• ### Question

• There are certain events that I am trying to predict based on the past times these events have occurred.  Below is a picture of these events for one person.  Rows are days, going from midnight to midnight.  Ignore the fact that some events are yellow, some are red, and some are longer than other.

The main features we want to model are 1) There are certain times of day that the event is likely, but not guaranteed, to happen (you can see that there are at least two such times of day for this person).  2) Other than these consistent times of day, there are periods of time (such as in the early morning) where the event occurs more frequently than at other time of day .  3) Events tend to occur at semi-regular intervals.

My idea is to model the type 1 events as Gaussians with a fixed probability of being activated.  I would model type 2 events as occurring at some random future time whose mean depends on time of day  (I would, perhaps, discretize time of day into 3 segments - morning, day, and night.  The exact boundaries of these times of day could be learned as well).

My question is whether this model is likely to behave well in Infer.NET, whether there are any settings that will improve its performance, and whether there are any changes to the model that would improve its performance.

Wednesday, November 4, 2015 4:39 PM

### All replies

• You will need to specify the model more precisely.  Suppose we discretize time into an integer.  Ignoring the duration of an event means that each event can be described by an integer.  The events for a given day would therefore be a set of integers, or perhaps an array of integers if you want to keep them sorted.  What stochastic process would you use to generate this array?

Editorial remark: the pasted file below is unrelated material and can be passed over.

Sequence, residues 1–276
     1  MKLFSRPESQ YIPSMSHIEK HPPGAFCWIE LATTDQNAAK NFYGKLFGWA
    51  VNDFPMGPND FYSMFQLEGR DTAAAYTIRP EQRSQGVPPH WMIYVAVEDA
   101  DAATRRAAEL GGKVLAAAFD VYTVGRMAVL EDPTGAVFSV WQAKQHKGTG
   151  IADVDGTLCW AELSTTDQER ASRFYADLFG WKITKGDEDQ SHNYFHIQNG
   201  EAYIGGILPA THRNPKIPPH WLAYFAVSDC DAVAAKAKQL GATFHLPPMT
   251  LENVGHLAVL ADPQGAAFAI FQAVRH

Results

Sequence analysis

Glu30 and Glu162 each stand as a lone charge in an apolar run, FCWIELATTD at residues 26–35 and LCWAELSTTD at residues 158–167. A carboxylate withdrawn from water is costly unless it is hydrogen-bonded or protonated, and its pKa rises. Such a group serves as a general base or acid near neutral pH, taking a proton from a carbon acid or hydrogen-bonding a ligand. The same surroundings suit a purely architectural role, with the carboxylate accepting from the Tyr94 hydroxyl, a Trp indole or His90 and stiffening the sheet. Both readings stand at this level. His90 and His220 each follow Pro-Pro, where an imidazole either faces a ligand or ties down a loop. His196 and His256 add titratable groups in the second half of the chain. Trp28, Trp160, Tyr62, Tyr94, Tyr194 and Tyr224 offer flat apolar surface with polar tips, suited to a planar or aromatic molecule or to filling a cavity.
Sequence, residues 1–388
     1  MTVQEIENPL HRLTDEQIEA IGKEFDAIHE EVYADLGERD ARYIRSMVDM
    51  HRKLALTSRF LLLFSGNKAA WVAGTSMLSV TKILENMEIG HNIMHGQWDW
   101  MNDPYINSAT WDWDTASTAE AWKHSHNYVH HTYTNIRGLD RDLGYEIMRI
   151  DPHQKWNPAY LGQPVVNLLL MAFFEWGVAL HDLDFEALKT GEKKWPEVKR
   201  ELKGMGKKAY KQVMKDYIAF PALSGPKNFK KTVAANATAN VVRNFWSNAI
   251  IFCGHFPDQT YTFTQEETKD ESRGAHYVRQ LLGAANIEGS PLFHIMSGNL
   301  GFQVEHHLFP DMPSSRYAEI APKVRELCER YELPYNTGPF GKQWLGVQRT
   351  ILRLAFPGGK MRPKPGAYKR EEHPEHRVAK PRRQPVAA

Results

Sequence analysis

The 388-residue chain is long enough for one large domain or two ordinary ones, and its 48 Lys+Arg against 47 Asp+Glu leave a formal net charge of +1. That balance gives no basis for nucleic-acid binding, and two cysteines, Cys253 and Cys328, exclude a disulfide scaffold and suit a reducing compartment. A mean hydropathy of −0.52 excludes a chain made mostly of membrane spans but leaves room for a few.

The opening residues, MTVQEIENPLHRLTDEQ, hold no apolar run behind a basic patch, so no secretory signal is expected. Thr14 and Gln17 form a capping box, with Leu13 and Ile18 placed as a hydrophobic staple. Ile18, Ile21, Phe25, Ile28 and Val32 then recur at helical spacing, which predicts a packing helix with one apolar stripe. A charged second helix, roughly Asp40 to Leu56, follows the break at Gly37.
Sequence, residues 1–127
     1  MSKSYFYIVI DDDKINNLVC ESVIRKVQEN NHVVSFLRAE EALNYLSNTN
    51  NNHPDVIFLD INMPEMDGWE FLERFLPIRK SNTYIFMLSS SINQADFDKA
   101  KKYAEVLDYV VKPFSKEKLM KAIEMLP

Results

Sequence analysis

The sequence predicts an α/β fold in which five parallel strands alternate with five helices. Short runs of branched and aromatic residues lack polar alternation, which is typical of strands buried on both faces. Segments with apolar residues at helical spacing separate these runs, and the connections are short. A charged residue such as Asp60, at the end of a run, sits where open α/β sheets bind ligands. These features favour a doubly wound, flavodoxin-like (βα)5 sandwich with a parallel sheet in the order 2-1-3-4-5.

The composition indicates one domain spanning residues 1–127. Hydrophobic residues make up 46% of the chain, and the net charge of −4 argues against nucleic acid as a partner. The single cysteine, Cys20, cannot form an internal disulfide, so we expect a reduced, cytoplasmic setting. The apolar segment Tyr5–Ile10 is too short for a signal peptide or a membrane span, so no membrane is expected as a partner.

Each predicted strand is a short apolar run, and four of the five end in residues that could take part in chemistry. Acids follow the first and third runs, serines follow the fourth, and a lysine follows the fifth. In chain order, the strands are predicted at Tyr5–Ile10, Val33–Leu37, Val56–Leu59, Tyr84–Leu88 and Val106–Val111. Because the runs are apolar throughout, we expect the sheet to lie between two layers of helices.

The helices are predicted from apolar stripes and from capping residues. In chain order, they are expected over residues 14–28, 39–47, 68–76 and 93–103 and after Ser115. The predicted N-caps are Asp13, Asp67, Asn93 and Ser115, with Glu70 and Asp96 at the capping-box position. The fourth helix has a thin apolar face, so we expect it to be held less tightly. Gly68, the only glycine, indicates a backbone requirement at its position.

Wednesday, November 4, 2015 5:21 PM
• Type 1 events : For each type 1 (i.e. fixed time) event, I would generate a Bernoulli random variable  to decide whether to activate the event.  If it were activated, I would then choose the time according to a Gaussian distribution.

Type 2 events : Have distribution on time of first event.  Pick event from that distribution.  Given event i at time t, choose time to event i + 1 from the distribution DistributionOnTimeToNextEvent_t.  This distribution could be, say, a gamma distribution.  The dependence on t could be very coarse : Maybe the distribution on time to next event only actually changes at 6AM and 5PM.

All events : Take the union of Type 1 events and Type 2 events.

• Edited by Thursday, November 5, 2015 9:27 PM Emphasize delta on time to next event rather than time of next event
Thursday, November 5, 2015 9:18 PM
• The model you describe assumes a union of two independent event streams.  But that doesn't seem to match the data.  Look at the fourth row for example.  Here all events are spaced out equally, including the ones that occur at special times.  It seems better to include both type 1 and type 2 events in the same Markov chain.  That would also make inference easier.
Friday, November 6, 2015 10:25 AM